The conventional wisdom on picking a presidential running mate is, “First, do no harm.” When it comes to holding on to New Hampshire in November, how did Joe Biden do by adding Sen. Kamala Harris to the Democratic ticket?
“She is a solid choice. She’s really personable, smart and funny,” says former N.H. Democratic Party chair Kathy Sullivan. “Everyone I know who met her here, or heard her speak, really liked her. I think she helps.”
Plenty of Granite State Democrats agree.
“I’m excited about the ticket, this is a winning team,” N.H. Democratic strategist Jim Demers told NHJournal. “Joe Biden is very well-liked in New Hampshire, and picking Kamala Harris makes this ticket feel a lot like 2008.”
“In a state that has elected some outstanding women, a Biden-Harris ticket will be very well received,” Demers added.
Perhaps. But while New Hampshire Democrats may have “liked” Biden and Harris, very few actually voted for either of them in the 2020 primary.
Biden finished fifth in the first-in-the-nation primary with just 8 percent of the vote, well behind the mayor of a small Midwestern town with a nearly unpronounceable name. On Election Day, Biden was in South Carolina before dinner, while New Hampshire was still voting.
But even Biden’s performance outpaced his new running mate. Harris began her campaign promising to “campaign hard in New Hampshire,” only to largely ignore the state before eventually dropping out of the primary before a single vote was cast.
New Hampshire Republicans seized on that as soon as the VP pick was announced.
“Remember that while Joe Biden left New Hampshire in the middle of our First-in-the-Nation Primary, Kamala Harris didn’t even bother to file for the New Hampshire Ballot in person,” NHGOP chair Steve Stepanek said in a statement. “With Joe Biden and Kamala Harris, there has never been a presidential ticket that has ignored New Hampshire so much.”
Republican National Committee co-chair Tommy Hicks echoed that message. “Biden and Harris turned their backs on New Hampshire, but President Trump has made this state a priority,” he told NHJournal. “And there is so much enthusiasm for the president here. He got 130,000 votes in the primary, more than doubling Obama and Bush’s totals (in uncontested elections).”
Do Democrats really care about how Kamala Harris campaigned? Probably not. Even if they do, they still like Biden/Harris a lot more than Trump/Pence.
Still, some Granite State progressives have indicated they aren’t exactly thrilled by the VP pick.
“I have zero words to describe how I feel about this. Zero. #VPPick,” tweeted progressive activist and Democratic state rep candidate Carlos Cardona.
“She’s not our favorite,” confessed North Country progressive Ted Bosen. “Mostly because she waffled on support for Medicare for All and the Green New Deal.”
“But we will hold our nose and vote Biden. We were holding it, anyway,” Bosen said.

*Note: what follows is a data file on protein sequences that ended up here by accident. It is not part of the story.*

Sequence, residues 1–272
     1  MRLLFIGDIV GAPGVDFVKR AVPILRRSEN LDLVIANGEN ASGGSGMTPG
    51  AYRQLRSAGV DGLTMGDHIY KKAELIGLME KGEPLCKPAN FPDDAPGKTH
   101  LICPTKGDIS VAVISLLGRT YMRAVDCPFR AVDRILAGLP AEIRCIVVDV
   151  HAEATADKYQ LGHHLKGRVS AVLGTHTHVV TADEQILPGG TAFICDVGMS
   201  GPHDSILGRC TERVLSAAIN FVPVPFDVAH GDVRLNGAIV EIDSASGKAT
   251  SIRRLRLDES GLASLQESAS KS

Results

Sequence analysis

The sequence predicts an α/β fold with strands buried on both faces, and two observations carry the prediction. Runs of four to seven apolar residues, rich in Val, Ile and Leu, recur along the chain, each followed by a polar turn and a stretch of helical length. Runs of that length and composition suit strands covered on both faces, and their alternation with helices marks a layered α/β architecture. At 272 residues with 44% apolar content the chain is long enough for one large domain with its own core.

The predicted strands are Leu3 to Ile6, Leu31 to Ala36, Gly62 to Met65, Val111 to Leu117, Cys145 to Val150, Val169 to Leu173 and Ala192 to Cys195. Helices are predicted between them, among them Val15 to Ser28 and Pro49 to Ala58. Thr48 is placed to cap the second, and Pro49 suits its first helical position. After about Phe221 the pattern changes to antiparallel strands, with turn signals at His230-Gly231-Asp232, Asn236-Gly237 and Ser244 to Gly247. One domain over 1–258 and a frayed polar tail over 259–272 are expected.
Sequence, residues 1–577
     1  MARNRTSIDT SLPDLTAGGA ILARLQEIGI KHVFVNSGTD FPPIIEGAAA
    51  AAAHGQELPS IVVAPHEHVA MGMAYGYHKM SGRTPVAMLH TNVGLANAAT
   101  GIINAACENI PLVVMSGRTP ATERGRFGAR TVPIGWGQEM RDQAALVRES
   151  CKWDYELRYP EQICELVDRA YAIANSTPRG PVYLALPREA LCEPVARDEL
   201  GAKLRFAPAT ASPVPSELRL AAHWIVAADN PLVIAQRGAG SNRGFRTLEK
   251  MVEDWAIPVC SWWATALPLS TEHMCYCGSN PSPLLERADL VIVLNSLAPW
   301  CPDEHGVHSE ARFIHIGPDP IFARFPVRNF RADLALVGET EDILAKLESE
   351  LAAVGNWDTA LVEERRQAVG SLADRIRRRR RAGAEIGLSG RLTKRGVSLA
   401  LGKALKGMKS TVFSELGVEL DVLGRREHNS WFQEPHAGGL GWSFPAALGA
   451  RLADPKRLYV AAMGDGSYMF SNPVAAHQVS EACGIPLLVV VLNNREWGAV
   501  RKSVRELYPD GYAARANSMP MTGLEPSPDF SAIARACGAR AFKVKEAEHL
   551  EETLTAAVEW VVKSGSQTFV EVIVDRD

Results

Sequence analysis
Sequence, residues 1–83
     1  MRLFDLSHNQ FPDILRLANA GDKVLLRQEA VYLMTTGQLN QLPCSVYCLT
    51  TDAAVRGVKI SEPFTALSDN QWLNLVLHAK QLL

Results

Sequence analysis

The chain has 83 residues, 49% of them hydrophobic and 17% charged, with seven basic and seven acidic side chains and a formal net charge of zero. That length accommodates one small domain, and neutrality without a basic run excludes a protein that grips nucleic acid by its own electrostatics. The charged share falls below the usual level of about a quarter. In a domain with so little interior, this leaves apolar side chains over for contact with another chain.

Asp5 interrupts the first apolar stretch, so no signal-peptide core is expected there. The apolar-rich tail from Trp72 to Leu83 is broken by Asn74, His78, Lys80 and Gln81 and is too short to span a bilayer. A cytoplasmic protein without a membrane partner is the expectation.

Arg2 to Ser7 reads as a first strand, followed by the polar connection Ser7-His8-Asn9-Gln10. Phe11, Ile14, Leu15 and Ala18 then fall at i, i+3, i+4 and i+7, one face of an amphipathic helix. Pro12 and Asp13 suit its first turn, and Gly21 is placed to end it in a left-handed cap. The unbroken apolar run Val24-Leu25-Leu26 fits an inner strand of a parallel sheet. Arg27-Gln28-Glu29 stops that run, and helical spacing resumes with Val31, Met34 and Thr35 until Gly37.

Interestingly, progressive gubernatorial candidate Andru Volinsky — who rarely mentions Joe Biden or his campaign — hadn’t released any statement regarding the first African-American woman on a presidential ticket as of Tuesday night.
His opponent, state Sen. Dan Feltes, embraced the news. “This is an amazing and historic VP pick! Erin and I, and our daughters Iris and Josie, look forward to seeing Kamala Harris serve as the next vice president of the United States of America. Let’s go win this!”
So, will Harris help Biden win in purple states like New Hampshire, Minnesota and Wisconsin? D.C.-based Democratic strategist Joel Payne thinks so.
“She is the most on-brand pick Joe Biden could make given the type of campaign he’s run and how he has unified the Democratic Party since becoming the presumptive nominee. You can sell Kamala Harris to every part of the Democratic coalition: Progressives. African-Americans. College-educated women. Working-class women. She hits the sweet spot for what Joe Biden needs to accomplish.”
The Boston Globe’s James Pindell makes a similar argument, noting the ease with which Harris embraced, then abandoned, support for high-profile issues like Medicare for All and the Green New Deal. “What Biden requires in his running mate is someone who is politically flexible,” Pindell writes.
And that’s undoubtedly Sen. Harris.
But is the candidate who can be everything to everyone the best pick to backstop a President Biden who, due to actuarial tables, is less likely to finish his first term than the average president?
How does Biden lose a race he’s currently winning?
Many political observers believe Trump’s best chance is if swing voters fear Biden won’t, or can’t, stand up to the extremism of his party’s progressive wing. These voters don’t like Trump, but they are afraid of seeing the politics of Rep. Alexandria Ocasio-Cortez or cancel-culture extremists in the White House.
Will Kamala Harris stand up to these progressives? Or is she one of them? Based on her “flexible” policy record, it’s an open question. One the Trump campaign is already raising.
“In her failed attempt at running for president, Kamala Harris gleefully embraced the left’s radical manifesto, calling for trillions of dollars in new taxes and backing Bernie Sanders’ government takeover of health care. She is proof that Joe Biden is an empty shell being filled with the extreme agenda of the radicals on the left,” the Trump campaign said Tuesday night.
For the moment, Biden backers see nothing but upside.
“A great news day for Democrats,” says Lynda Tran of 270 Strategies. “Looking forward to seeing these two paired up on the real or virtual campaign trail in the weeks ahead.”
Michael Graham is politics editor for InsideSources.com.